SEATTLE – The Washington State Attorney General’s Office filed a court petition to prevent a New Jersey-based traveling salesman from promoting products – including a machine he claims can make a car engine run on pickle juice or cola.
The petition filed Feb. 10 in Spokane Superior Court accuses Dennis Lee of violating a 2002 court order when he made a presentation last week at the Seattle Public Library.
“Dennis Lee has repeatedly tried to defraud Washington consumers by promoting products that, in order to perform as he claims, would have to defy the laws of physics,” Attorney General Rob McKenna said. “He’s snubbed government regulators during his road shows and blatantly disregarded a court order that forbids him from selling items or business opportunities in Washington.”
During the Seattle presentation, Lee allegedly described products marketed by his company called Better World Alternatives. They include a detergent-free, magnetic laundry system; a type of paint that can substitute for home insulation; a drinkable insecticide; and a noiseless jackhammer.
The Attorney General’s Office served papers to Lee on Feb. 10 in Portland, Ore., where he was scheduled to make another sales presentation.
The Attorney General’s Office is asking for a $25,000 enhanced civil penalty and $2,000 for each violation of the state Consumer Protection Act.
The state is also asking that Lee be required to pay nearly $65,000 in penalties, costs and attorneys’ fees initially imposed in 2002. In that case, the Attorney General’s Office accused Lee, doing business as United Community Services of America, of violating laws while seeking investors for a “Sundance Generator” that he claimed could generate free or low-cost electricity.
Attorneys general in multiple states have gone to court to keep Lee from selling his products. Following is a summary of actions against him in Washington state:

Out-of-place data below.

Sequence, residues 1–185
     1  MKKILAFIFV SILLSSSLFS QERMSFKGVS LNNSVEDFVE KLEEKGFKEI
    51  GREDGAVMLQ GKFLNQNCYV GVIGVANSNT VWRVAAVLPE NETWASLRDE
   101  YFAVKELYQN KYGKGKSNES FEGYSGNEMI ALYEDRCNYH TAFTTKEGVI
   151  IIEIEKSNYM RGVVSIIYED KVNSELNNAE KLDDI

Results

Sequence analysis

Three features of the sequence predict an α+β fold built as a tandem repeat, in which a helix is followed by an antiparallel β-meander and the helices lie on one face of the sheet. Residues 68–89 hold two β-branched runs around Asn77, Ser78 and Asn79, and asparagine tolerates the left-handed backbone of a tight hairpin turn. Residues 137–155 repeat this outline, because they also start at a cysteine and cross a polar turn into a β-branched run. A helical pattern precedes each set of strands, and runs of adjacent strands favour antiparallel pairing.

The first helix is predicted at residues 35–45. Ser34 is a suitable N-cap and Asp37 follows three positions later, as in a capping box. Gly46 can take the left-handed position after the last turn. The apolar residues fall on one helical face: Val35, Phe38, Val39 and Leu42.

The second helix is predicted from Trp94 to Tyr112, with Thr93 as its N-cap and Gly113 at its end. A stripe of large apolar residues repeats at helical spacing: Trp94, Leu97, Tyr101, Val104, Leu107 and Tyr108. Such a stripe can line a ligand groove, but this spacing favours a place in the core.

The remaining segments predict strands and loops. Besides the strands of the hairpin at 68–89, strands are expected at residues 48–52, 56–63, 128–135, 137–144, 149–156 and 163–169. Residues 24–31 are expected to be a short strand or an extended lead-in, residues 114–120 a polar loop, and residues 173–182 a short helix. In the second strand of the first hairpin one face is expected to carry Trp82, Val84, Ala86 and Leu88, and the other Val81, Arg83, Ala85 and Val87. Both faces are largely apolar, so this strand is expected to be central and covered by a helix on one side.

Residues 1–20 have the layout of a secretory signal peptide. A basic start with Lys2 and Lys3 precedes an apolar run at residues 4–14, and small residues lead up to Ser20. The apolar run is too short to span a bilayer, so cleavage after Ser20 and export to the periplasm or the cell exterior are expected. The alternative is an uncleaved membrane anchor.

October 1985: the Washington State Attorney General’s Office accused Lee, doing business as C.ON.S.E.R.V.E., of violating state and federal laws while promoting a “Solar Utility Network.” Lee agreed to a stipulated judgment that included a $25,000 suspended penalty plus $7,000 in costs and attorneys’ fees.
October 1999: The Department of Financial Institutions ordered Lee, Better World Technologies, United Community Services of America and other defendants to stop selling unregistered securities in Washington. The defendants were accused of seeking investors for a “perpetual motion machine” they claimed could generate free electricity.
November 2002: The Attorney General’s Office accused Lee, doing business as United Community Services of America, of violating laws while seeking investors for a “Sundance Generator” that he claimed could generate free or low-cost electricity. Lee was ordered to pay $6,000 in civil penalties and nearly $59,000 in costs and attorneys’ fees. He was also ordered to offer refunds to any investors. The order prohibits him from selling products, services or business opportunities to Washington residents until he has satisfied the judgment. The order also forbids him from making unsubstantiated scientific claims about the performance of products.
November 2004: After Lee failed to pay the 2002 fines, the state agreed to payment plan and a reduced fee of $25,000. He has made timely $500 monthly payments totaling $7,500.
February 2006: The state alleges that Lee violated the 2002 order when he gave a presentation Feb. 7 at the Seattle Public Library to an audience of about 40-50. Lee presented products and business opportunities purportedly associated with Better World Alternatives and Better World Technologies. The state is now asking that Lee be ordered to pay the entire amount imposed in 2002, instead of the reduced fine, as well as new penalties.
Media Contacts: Kristin Alexander, Public Information Officer, (206) 464-6432, email@example.com
Jack Zurlini, Assistant Attorney General, (509) 458-3538